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How Underlying Trauma Can Change Your Diagnosis

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Editor's Note

If you’ve experienced sexual abuse or assault, the following post could be potentially triggering. You can contact The National Sexual Assault Telephone Hotline at 1-800-656-4673.

Whenever I sought out counseling, I had a clear goal of what to accomplish and confidently thought, “OK, I’m getting help. I’ll fix the problem.”

• What is PTSD?

When multiple problems were occurring, I would just focus on the one I thought was most time sensitive and rarely strayed from it, even though they were all connected. I never realized that putting the others on the back burner would later change my diagnosis of generalized anxiety disorder (GAD) and major depressive disorder (MDD) to GAD, MDD, and post-traumatic stress disorder (PTSD). I feel both relief and grief with my new diagnosis; I understand why I physiologically respond in certain ways and I now know the different kind of support I need. However, I hate seeing myself as a “victim,” and I constantly struggle with feeling like my trauma is my fault and what PTSD is perceived as doesn’t apply to me.

According to the Sidran Institute, “an estimated 1 out of 10 women will get PTSD at some time in their lives. Women are about twice as likely as men to develop PTSD.” PTSD is often associated with combat; however, I have PTSD and I have not been in combat

When I was 19, I was sexually assaulted. I didn’t even remember it happened until nine months later when I saw the person I thought was my abuser and had a panic attack that left me bedridden for the next two days. The grief I experienced at that time turned into anger and I felt betrayed by my own brain for somehow blocking the trauma. I originally thought if I was able to forget about it and ignore the self-destructing behaviors subconsciously stemming from it, it couldn’t actually be assault. I didn’t know anything about the way the brain physically changes after trauma to understand what was happening to me.

I only brought it up in counseling once and never pursued it; I guess I wasn’t ready to acknowledge it for what it was. I attributed my episodes to my depression and anxiety because that was what I was always told I had. But, why would they tell me otherwise if I wasn’t always honest about what I was experiencing? I assumed it was “normal” to have debilitating disassociation or panic attacks when I was touched, anyone was too close to me, my skin was bruised or the words “sexual assault” were mentioned/joked about — because I had depression and anxiety.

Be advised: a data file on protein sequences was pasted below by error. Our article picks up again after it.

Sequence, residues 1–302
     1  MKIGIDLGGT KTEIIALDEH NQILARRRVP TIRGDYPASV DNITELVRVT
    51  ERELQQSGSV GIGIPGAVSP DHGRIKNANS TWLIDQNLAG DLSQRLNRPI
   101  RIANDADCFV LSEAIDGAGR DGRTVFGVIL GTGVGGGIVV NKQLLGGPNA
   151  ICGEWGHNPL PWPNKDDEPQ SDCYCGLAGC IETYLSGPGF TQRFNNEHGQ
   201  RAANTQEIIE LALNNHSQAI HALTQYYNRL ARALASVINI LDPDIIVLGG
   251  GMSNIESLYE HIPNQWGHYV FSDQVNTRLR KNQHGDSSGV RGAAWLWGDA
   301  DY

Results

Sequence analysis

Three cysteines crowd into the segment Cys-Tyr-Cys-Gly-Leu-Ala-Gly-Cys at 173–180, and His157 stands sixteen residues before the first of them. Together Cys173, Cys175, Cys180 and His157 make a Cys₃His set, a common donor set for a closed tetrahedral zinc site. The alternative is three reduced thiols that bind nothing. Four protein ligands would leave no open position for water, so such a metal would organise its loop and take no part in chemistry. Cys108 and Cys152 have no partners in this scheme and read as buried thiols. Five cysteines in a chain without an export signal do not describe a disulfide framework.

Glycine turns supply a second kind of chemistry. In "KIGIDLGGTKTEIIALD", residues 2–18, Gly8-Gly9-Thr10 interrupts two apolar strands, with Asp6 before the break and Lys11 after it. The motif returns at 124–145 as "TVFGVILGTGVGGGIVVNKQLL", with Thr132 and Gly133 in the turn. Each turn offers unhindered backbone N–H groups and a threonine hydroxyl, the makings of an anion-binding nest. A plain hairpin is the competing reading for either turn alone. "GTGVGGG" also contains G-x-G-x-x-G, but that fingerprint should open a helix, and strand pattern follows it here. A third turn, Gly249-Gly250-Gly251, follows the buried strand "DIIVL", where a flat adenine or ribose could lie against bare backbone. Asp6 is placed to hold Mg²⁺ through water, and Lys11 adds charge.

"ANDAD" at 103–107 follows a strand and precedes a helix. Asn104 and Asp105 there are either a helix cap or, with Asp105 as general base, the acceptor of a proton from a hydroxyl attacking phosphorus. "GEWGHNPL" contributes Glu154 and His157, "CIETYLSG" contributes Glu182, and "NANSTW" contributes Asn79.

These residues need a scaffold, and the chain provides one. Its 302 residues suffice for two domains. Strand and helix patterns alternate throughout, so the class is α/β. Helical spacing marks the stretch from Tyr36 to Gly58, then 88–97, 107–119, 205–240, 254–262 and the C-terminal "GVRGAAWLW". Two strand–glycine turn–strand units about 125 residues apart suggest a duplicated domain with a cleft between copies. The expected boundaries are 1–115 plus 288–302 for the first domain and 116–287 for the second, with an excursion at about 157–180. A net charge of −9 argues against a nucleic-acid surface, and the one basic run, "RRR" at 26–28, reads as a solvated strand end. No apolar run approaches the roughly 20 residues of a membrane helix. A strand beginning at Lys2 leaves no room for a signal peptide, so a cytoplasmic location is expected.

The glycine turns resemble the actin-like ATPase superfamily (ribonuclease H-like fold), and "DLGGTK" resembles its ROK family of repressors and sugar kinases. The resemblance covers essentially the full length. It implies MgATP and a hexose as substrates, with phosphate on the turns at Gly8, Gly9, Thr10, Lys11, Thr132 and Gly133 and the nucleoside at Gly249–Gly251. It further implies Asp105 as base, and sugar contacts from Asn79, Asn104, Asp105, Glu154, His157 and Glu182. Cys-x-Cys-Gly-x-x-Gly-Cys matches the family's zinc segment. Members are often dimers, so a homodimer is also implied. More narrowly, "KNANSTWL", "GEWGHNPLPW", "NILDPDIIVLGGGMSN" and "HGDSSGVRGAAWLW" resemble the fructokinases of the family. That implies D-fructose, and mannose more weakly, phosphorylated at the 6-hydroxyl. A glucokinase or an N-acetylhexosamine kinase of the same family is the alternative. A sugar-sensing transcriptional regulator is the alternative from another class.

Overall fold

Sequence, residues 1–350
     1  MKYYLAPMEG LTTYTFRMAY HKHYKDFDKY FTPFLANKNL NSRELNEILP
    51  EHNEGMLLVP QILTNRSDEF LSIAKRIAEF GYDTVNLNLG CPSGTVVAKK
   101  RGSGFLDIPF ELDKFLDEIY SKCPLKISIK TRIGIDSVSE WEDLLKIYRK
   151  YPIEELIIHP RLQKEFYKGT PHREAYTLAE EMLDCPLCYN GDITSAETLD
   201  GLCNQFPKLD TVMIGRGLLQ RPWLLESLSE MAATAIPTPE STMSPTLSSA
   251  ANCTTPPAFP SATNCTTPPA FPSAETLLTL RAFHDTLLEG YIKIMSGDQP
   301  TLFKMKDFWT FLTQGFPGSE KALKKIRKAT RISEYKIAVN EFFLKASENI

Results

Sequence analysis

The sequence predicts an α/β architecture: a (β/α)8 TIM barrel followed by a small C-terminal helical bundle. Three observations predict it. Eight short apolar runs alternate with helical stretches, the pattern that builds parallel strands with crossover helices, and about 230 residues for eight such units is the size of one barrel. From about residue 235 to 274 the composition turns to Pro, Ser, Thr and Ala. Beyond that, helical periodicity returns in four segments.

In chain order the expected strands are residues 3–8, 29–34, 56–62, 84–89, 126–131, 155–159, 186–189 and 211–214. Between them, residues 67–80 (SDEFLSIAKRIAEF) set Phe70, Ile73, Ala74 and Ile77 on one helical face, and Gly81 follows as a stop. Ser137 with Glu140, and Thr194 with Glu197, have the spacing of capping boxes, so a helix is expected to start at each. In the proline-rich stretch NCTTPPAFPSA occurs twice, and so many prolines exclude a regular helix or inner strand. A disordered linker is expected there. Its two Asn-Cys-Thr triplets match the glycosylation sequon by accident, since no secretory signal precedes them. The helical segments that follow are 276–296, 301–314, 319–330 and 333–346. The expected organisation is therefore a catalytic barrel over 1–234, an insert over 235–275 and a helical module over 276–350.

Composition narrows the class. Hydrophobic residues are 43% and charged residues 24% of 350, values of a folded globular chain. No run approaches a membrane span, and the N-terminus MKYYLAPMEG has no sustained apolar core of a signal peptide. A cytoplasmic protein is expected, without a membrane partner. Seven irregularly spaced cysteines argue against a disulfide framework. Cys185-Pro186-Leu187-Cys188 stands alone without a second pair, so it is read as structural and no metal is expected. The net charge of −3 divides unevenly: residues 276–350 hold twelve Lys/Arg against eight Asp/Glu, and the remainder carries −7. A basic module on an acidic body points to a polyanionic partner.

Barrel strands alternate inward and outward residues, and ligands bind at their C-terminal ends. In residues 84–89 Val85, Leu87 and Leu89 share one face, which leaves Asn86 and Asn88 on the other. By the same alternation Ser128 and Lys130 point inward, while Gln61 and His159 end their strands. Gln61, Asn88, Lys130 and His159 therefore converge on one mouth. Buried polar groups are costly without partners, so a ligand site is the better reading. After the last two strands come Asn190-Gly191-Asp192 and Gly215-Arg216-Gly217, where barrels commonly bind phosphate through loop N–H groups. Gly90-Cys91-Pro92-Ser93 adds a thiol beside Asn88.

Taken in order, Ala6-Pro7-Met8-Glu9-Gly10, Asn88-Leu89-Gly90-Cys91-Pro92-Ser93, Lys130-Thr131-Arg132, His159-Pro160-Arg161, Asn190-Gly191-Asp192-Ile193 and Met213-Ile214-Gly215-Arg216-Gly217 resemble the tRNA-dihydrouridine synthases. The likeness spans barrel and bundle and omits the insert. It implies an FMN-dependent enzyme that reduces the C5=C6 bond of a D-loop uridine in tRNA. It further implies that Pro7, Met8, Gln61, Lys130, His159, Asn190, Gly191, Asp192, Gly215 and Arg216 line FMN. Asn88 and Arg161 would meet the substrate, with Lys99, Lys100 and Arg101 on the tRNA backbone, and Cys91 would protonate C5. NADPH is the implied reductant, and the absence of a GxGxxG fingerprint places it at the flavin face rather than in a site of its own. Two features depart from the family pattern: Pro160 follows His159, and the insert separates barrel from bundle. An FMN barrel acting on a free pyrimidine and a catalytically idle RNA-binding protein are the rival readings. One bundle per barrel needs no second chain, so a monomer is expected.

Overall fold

The way my episodes transformed rapidly during the last few months finally made me realize something different was going on, so I talked to a friend of mine who had witnessed the changes intensify. The frequency of triggers only increased as my stress with school increased. I felt great in the beginning of the semester, but after an incident, I imploded and was quickly in a constant state of tension 24/7, creating jaw pain and headaches.

I was crying almost every day, feeling sheer panic, having nightmares and flashbacks and disassociating within seconds at any given moment. I could literally feel my brain fog over, which disrupts my speech and comprehension. I felt detached from my body, like I was seeing myself from outside.

I stopped talking to my family and some friends entirely. My inability to focus on anything, along with dissociative amnesia, interfered with work and school.

I started having bouts of rage I have never felt before.

I started falling behind in classwork, and even when I caught up, I felt like I was failing at everything.

My high-functioning abilities were now barely functioning, day after day. I kept telling myself I couldn’t “afford” a breakdown with graduation right around the corner, even though I desperately needed to save myself. After feeling like I’d been in an intense fight or flight mode for a long period of time, I knew it was time to get the help I should’ve gotten a long time ago.

Now, I am back in counseling, only this time I have no choice but to acknowledge what has caused my spiral, and from what I now realize were my other spirals. I know the work is going to be harder than it ever has been, but I have hope that, with this new diagnosis, I can create a dialogue with my loved ones about what I am experiencing and move forward.

Photo by Murilo Folgosi from Pexels

Originally published: January 19, 2019
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